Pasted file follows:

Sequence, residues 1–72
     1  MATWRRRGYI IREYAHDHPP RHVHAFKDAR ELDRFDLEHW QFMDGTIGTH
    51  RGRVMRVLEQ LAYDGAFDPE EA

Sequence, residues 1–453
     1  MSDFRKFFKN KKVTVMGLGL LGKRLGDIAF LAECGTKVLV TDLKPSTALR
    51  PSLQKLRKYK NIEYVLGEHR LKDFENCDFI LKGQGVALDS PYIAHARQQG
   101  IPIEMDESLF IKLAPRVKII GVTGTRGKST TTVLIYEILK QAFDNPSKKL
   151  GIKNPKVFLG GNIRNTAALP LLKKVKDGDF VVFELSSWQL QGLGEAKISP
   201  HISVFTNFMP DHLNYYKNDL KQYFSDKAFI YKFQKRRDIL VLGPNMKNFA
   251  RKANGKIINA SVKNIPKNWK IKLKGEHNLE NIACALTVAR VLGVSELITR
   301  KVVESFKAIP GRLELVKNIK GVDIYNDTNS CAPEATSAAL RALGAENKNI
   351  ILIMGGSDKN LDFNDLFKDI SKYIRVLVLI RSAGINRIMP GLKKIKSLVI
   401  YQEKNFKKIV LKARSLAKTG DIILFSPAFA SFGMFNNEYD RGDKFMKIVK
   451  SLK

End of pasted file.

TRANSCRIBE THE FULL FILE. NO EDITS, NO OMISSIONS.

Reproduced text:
Sequence, residues 1–72
     1  MATWRRRGYI IREYAHDHPP RHVHAFKDAR ELDRFDLEHW QFMDGTIGTH
    51  RGRVMRVLEQ LAYDGAFDPE EA

Sequence, residues 1–453
     1  MSDFRKFFKN KKVTVMGLGL LGKRLGDIAF LAECGTKVLV TDLKPSTALR
    51  PSLQKLRKYK NIEYVLGEHR LKDFENCDFI LKGQGVALDS PYIAHARQQG
   101  IPIEMDESLF IKLAPRVKII GVTGTRGKST TTVLIYEILK QAFDNPSKKL
   151  GIKNPKVFLG GNIRNTAALP LLKKVKDGDF VVFELSSWQL QGLGEAKISP
   201  HISVFTNFMP DHLNYYKNDL KQYFSDKAFI YKFQKRRDIL VLGPNMKNFA
   251  RKANGKIINA SVKNIPKNWK IKLKGEHNLE NIACALTVAR VLGVSELITR
   301  KVVESFKAIP GRLELVKNIK GVDIYNDTNS CAPEATSAAL RALGAENKNI
   351  ILIMGGSDKN LDFNDLFKDI SKYIRVLVLI RSAGINRIMP GLKKIKSLVI
   401  YQEKNFKKIV LKARSLAKTG DIILFSPAFA SFGMFNNEYD RGDKFMKIVK
   451  SLK